The number of veterans who have access to telemedicine could dramatically increase thanks to a bill introduced by U.S. Rep. Glenn Thompson, R-Howard Township.
The Veterans E-Health and Telemedicine Support Act allows licensed health care professionals of the Department of Veterans Affairs to use telemedicine across state lines.
The legislation expands on the Servicemembers’ Telemedicine and E-Health Portability Act, introduced by Thompson in 2011 and signed by President Barack Obama.
STEP has provided more than 2 million telemedicine health care service sessions for veterans, but the VETS Act is expected to account for more than 10 million, according to Thompson.
“This is one of the transformational things we can do to have real health care reform,” Thompson said. “And I’m pleased that, just like the STEP Act, this has received broad support.”
Telehealth allows patients to be diagnosed and treated using interactive video conferencing. The appointment can take place at a VA clinic or from a patient’s home. In 2016, 12 percent of veterans used telehealth and of that group 88 percent reported a positive experience, according to the VA.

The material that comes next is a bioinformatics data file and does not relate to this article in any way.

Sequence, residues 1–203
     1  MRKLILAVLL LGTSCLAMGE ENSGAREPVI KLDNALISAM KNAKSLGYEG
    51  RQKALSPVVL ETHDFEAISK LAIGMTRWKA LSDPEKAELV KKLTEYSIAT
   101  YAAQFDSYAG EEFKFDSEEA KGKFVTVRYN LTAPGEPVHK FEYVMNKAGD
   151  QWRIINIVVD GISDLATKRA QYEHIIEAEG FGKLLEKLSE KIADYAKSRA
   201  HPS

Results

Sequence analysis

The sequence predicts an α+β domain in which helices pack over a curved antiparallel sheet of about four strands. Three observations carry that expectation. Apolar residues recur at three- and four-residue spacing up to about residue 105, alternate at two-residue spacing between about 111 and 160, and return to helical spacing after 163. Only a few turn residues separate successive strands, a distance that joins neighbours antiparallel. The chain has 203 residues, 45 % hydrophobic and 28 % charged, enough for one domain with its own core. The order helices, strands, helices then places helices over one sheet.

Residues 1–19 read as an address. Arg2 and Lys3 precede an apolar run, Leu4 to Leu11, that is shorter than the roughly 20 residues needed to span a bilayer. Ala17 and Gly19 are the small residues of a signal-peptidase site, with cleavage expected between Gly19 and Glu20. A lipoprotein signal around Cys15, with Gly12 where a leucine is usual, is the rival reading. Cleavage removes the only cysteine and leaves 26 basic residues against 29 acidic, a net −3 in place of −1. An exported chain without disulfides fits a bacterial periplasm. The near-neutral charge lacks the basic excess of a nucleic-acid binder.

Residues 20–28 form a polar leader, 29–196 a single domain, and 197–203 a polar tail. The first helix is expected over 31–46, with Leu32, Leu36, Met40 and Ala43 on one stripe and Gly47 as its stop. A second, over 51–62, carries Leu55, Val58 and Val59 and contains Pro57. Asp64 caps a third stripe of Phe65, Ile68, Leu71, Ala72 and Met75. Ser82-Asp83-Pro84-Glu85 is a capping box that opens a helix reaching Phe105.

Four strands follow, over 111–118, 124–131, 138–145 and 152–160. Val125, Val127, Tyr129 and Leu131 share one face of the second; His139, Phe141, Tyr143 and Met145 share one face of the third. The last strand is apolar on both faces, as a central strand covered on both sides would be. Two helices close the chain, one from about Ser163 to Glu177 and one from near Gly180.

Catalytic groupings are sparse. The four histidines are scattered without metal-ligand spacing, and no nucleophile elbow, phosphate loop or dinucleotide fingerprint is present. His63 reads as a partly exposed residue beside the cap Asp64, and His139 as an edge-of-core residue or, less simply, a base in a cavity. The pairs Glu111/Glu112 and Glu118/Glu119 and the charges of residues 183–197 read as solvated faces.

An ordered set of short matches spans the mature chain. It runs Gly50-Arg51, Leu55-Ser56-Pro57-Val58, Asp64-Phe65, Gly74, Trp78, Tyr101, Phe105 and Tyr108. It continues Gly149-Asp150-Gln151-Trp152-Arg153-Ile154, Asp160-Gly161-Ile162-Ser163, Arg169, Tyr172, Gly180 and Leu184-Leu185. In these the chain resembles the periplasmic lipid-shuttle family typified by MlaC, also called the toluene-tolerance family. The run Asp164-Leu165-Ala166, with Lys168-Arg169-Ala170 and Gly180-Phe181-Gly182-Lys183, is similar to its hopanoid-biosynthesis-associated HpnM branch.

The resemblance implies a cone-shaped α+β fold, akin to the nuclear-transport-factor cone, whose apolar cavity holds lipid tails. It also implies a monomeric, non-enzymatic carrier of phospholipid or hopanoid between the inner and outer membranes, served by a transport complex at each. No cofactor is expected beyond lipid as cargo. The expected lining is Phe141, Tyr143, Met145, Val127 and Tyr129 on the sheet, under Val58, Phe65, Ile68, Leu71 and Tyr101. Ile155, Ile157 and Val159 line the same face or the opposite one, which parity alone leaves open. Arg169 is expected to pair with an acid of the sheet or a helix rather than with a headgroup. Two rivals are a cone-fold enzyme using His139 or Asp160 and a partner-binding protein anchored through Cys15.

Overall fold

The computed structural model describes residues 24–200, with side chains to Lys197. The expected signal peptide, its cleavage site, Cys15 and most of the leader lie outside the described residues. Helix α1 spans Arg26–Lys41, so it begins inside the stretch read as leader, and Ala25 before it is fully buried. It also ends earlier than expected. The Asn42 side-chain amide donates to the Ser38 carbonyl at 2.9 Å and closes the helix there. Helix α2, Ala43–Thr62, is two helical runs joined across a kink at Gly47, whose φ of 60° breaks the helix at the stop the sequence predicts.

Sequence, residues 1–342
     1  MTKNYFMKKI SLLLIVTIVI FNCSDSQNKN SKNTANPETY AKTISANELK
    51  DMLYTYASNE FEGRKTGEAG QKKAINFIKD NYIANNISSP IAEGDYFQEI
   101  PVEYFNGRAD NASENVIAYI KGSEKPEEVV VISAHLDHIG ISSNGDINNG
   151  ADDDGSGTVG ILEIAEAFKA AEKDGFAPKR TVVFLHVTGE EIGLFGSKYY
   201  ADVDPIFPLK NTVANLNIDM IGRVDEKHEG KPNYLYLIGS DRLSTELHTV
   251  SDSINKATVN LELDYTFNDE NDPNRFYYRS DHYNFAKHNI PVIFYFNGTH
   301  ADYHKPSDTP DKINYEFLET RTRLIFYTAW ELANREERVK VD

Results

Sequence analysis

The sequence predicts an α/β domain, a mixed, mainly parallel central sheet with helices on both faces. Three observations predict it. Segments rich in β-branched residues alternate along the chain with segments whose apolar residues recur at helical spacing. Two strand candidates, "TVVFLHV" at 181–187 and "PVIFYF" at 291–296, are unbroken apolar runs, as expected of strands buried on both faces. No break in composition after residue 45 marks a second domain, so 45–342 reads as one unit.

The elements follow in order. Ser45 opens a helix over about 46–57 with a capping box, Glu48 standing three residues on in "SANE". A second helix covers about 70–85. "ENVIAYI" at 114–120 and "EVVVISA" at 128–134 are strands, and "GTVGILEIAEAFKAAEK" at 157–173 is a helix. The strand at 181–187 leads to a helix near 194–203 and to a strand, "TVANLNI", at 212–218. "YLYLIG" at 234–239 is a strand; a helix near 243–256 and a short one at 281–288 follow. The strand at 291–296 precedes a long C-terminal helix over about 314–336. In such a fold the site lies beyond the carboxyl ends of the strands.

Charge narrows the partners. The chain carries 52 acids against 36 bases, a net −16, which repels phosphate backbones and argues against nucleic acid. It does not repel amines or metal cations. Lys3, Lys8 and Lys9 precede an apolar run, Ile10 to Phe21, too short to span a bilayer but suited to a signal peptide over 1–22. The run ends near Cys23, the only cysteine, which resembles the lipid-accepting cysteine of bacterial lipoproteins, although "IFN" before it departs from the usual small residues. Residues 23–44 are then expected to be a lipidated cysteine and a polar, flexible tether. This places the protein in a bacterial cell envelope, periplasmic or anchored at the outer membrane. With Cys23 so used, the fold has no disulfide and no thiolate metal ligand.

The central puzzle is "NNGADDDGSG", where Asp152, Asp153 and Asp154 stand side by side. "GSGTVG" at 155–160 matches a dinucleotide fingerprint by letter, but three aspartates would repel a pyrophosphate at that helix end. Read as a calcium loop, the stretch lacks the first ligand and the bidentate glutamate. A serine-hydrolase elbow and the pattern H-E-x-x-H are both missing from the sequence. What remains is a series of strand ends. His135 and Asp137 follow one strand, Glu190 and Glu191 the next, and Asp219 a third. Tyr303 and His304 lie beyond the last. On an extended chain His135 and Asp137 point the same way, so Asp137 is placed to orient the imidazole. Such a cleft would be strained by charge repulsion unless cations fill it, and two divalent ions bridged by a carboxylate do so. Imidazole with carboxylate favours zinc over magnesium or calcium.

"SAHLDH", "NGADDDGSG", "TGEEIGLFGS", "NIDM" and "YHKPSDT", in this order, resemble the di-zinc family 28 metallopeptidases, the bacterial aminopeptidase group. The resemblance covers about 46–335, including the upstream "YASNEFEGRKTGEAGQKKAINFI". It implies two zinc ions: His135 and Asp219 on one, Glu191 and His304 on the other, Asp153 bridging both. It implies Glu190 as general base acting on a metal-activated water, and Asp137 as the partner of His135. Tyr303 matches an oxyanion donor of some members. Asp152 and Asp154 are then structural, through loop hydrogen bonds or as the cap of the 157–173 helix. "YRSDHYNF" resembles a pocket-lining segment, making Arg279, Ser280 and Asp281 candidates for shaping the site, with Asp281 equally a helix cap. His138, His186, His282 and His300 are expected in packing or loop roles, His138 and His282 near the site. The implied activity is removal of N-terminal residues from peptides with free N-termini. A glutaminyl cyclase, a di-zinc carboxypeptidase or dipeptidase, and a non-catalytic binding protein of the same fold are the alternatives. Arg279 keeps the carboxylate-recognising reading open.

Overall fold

One of the most obvious benefits is the elimination of travel for patients who are in need of follow-up appointments, and Thompson said nearly half of the telehealth users live in rural areas.
Since the VA began offering telemedicine, the efficiency of the health care services has improved, Thompson said. But to monitor and improve on the success, the legislation requires the VA to submit a report on the effectiveness of the program.
“I expect that the VA will improve the service and we’re seeing it already with veterans having easier access to specialists,” Thompson said.
For his work in the area, Thompson was presented on Monday with the Health It Pioneer award by Health It Now, a coalition of patient groups, provider organizations, employers and payers.
“Telemedicine is something I have championed and will work hard for,” Thompson. “I’m going to continue to work to breakdown the bureaucratic barriers around this issue.”
Thompson hopes the Senate will vote on the bill in the first quarter of 2018.